New results from a 40-year longitudinal study just added to the growing evidence for the benefits of high-quality early education: According to the report, young children who received high-quality education starting at six weeks old and continuing through five years old were more likely to be employed full-time and experience better relationships with their parents in adulthood.
The study, funded by the National Institutes of Health, followed 96 children who were part of an early education program for under-resourced infants and children, known as the Abecedarian Project.
The research started in 1971 to study the long-term impacts of high-quality services, including health care, nutrition, social services, and family support, on children and their families. Both the control and treatment group received these services; but the treatment group also received five years of early care and education.
Craig Ramey, a professor and distinguished research scholar of human development at the Virginia Tech Carilion Research Institute, explained, “We have demonstrated that when we provide vulnerable children and families with really high quality services—educationally, medically, socially—we have impacts of a large and practical magnitude all the way up to middle age.”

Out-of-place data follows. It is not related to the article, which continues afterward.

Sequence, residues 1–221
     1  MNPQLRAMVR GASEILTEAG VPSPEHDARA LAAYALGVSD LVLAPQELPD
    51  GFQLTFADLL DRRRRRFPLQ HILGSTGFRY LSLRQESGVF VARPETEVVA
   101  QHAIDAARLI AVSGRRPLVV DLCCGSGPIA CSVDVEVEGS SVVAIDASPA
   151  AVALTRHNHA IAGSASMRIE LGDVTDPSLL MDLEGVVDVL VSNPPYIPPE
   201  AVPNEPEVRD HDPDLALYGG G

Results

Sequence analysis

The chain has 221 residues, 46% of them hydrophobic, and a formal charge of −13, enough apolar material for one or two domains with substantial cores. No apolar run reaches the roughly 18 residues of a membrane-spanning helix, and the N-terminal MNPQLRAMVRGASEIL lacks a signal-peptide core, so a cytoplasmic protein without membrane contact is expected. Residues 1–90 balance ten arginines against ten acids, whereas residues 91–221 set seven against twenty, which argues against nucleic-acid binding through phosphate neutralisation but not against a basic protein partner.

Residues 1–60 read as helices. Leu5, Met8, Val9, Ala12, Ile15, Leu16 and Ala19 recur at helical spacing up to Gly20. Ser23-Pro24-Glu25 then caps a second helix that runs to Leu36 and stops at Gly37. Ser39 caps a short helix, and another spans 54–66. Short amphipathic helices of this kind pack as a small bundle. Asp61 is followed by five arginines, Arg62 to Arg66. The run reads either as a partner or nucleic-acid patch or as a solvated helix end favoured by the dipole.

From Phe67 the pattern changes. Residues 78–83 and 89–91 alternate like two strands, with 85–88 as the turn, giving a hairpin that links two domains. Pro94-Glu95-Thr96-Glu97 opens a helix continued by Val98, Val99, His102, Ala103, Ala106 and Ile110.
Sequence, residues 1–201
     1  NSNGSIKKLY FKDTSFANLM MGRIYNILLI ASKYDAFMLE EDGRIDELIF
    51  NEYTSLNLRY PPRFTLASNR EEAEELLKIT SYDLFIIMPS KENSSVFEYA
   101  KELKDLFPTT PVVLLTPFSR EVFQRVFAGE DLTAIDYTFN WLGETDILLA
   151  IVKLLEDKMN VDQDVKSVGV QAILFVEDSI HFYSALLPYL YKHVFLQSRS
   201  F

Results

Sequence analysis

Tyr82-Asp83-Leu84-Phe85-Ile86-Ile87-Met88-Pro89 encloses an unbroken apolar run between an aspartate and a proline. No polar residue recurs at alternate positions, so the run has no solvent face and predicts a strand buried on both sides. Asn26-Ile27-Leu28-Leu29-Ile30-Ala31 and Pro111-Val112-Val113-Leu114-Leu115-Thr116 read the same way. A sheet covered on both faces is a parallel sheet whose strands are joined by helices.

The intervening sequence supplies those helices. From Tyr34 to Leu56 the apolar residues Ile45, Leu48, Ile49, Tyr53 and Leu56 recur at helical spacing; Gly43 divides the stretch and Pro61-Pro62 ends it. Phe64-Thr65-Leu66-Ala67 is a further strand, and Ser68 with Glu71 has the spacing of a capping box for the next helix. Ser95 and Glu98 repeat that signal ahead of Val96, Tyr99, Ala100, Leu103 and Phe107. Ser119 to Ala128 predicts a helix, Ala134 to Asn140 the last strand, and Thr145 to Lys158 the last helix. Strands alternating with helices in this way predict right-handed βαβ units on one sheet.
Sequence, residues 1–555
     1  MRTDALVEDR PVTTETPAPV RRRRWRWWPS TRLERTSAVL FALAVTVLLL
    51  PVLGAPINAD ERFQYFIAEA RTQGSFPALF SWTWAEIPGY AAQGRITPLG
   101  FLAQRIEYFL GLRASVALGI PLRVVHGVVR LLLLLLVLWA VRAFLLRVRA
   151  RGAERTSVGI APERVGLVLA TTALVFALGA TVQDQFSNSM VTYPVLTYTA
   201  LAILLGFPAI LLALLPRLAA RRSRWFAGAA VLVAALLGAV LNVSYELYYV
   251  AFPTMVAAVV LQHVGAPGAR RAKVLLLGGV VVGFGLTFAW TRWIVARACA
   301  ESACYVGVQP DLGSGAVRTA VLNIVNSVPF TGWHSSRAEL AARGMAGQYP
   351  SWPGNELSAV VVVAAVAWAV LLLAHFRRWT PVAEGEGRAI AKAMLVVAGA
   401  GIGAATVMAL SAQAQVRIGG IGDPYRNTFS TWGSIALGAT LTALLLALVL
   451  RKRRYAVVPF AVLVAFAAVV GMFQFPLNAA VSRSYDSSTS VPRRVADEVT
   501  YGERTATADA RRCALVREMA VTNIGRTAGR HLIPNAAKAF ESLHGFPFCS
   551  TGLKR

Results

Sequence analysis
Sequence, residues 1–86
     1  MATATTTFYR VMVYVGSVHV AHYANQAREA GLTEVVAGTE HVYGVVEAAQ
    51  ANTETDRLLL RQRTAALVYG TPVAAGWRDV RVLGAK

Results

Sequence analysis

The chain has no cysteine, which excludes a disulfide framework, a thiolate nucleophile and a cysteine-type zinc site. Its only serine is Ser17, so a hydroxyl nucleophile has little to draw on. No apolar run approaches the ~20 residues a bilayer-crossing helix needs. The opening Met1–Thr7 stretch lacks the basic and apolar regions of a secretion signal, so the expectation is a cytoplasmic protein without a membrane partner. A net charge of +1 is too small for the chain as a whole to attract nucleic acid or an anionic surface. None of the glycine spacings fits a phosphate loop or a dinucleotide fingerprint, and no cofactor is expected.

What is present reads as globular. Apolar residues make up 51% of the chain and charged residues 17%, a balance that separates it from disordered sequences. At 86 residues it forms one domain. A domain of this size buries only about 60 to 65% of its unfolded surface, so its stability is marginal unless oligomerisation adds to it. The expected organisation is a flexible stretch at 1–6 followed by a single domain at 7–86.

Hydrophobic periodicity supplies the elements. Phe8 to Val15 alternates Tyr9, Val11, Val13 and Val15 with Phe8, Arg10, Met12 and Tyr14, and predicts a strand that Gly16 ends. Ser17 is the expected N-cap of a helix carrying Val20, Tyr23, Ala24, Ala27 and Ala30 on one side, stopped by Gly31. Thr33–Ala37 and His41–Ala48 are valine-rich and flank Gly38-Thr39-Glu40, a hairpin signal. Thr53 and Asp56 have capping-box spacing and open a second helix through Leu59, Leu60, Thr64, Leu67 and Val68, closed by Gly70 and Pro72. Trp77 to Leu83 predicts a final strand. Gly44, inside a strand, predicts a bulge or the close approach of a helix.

Teacher involvement to support early learners
Ramey also explained how crucial the interaction and relationship of teachers and children can be to meet a child’s specific learning needs. Activities directed towards literacy and language development for the youngest learners, such as teachers or parents reading out loud to a child, have a huge role in early child learning and development. Plus, enjoyable learning activities can help a child develop a love for future learning.
In addition to having closer relationships with their mothers and fathers in middle age and being more likely to be employed, researchers found another trend among children from the educational group. Sharon Ramey, chief science officer of Roanoke, Virginia, professor and researcher, explained, “We also discovered that individuals who received early high-quality care and education also have a keen sense of social equality—and make decisions that balance the equation between those who ‘have’ and those who ‘have much less.’”
The researchers plan to continue analyzing the dataset about the effects of early care and education on the children as they progress through middle age. You can read more about the study here.